On Tuesdays, I conduct interviews with writers on Twitter (5 Q, 5 A, 1400 characters). Today's #twitterviews subject is Justin Sirois, author of So Say the Waiters. Sirois took a sharp left turn away from previous pursuits in poetry, the promotion of experimental literature, and the very serious topic of Fallujah (his debut novel, Falcons on the Floor) to write and self-publish one of the funnest books out there at the moment. Don't let the self-published label fool you; this is well-packaged, well-written, and optioned for television. So Say the Waiters tells the story (over the course of three books and 12 "episodes") of Henry and Dani, whose lives are changed by a new app called kidnApp, which does exactly what it sounds like it does. Click the link, you'll understand.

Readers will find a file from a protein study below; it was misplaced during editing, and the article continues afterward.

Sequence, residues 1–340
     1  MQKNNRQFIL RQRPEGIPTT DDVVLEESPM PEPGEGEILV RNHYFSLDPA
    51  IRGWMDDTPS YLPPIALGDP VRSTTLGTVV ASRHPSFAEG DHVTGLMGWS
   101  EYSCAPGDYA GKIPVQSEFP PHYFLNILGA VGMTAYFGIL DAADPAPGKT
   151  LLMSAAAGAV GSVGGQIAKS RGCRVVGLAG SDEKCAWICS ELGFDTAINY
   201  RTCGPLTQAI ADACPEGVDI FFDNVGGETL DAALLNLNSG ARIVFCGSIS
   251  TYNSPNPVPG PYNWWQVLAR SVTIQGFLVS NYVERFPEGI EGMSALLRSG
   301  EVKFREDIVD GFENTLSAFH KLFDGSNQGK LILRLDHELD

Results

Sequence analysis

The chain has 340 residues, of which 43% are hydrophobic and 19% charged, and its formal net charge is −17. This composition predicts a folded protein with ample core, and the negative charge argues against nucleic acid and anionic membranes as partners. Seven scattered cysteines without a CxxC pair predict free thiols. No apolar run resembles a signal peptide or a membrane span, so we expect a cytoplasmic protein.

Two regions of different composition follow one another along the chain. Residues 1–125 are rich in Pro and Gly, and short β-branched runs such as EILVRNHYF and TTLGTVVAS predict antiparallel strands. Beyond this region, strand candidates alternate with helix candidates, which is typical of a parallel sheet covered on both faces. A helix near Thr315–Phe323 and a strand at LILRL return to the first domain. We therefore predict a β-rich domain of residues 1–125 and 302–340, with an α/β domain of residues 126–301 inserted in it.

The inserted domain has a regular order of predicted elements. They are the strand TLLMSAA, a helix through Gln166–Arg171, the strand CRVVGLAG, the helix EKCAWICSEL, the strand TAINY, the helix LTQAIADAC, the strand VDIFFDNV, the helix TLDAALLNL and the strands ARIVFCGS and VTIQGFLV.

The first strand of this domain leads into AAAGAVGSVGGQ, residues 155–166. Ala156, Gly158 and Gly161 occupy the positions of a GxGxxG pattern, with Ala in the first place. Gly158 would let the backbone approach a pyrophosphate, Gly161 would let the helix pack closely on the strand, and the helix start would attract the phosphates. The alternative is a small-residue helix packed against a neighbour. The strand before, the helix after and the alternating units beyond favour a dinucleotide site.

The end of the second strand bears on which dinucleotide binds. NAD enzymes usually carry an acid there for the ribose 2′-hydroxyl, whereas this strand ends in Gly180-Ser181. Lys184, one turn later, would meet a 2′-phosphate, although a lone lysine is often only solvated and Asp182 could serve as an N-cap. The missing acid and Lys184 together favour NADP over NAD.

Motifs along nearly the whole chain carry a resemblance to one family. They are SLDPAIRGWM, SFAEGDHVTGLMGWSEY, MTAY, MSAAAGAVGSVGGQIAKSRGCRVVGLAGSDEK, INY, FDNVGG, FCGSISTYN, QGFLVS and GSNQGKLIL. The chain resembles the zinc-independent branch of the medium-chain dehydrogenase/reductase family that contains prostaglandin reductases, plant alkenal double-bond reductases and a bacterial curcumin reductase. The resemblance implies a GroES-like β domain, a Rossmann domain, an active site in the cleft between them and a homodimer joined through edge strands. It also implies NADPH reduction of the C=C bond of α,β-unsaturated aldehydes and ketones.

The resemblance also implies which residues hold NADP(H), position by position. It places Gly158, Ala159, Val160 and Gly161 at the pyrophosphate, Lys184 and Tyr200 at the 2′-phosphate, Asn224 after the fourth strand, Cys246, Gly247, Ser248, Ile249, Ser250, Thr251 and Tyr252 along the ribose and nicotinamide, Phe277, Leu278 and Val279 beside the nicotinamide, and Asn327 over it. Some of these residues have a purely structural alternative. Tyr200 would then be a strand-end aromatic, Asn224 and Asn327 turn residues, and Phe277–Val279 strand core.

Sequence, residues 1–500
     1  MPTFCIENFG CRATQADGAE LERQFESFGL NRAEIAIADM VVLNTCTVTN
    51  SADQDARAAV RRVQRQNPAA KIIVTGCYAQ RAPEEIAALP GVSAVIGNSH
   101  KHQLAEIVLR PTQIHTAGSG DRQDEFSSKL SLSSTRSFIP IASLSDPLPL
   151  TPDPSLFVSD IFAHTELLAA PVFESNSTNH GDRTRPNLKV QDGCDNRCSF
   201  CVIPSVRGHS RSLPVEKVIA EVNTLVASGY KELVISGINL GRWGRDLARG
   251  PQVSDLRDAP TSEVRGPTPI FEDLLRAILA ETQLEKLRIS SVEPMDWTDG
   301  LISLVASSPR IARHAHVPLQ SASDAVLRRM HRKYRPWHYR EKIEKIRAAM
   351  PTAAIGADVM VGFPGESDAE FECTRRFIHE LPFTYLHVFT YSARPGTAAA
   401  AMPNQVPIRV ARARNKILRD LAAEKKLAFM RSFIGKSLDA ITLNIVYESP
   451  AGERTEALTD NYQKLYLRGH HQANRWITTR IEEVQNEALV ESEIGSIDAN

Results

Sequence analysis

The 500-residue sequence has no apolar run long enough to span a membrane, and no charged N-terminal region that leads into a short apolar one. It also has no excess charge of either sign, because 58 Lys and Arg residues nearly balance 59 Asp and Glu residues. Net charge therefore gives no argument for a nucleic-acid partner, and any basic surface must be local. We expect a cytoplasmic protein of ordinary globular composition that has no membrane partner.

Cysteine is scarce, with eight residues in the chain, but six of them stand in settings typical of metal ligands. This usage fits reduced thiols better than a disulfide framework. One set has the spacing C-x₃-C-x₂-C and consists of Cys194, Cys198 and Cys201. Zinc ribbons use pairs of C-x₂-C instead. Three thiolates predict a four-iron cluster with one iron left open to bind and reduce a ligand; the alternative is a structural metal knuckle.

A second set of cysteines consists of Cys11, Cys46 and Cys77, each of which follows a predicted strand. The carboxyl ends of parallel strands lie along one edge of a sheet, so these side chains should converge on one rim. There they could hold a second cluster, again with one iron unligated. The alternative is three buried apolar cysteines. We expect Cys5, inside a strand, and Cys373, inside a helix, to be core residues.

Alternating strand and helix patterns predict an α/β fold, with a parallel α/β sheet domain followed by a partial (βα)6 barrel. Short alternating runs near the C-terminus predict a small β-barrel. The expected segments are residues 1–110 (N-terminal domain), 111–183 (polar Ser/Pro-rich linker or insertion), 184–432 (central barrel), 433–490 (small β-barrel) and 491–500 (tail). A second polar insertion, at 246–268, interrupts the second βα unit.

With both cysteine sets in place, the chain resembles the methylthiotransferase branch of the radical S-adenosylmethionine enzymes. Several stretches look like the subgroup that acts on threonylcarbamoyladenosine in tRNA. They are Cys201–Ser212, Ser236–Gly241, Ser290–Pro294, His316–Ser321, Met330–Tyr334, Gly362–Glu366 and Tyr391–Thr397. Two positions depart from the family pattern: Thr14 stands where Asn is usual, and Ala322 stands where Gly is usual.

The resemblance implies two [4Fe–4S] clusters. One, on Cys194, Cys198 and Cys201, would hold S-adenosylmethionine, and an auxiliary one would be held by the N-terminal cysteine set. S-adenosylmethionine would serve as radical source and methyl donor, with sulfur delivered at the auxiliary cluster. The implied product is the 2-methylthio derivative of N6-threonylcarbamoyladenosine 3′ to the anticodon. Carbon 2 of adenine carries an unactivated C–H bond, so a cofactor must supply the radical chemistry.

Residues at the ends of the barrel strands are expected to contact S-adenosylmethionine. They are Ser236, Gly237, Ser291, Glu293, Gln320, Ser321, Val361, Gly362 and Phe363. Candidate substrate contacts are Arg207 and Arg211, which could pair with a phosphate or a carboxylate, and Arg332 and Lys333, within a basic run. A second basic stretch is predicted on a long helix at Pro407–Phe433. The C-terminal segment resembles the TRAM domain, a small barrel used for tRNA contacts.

Question 1: Let's play waiter or taker ...
Question 2: What was the inspiration for kidnApp?
Question 3: Any influence of comics in So Say the Waiters?
Question 4: How do you approach writing suspense and/or violence?
Question 5: What is the news on a possible TV adaptation?
This is a series you should definitely check out. Brilliant concept. Well executed. Never takes itself too seriously. And the best news? Books 1 and 2 are currently free on Amazon.
"Me? Taker. All day."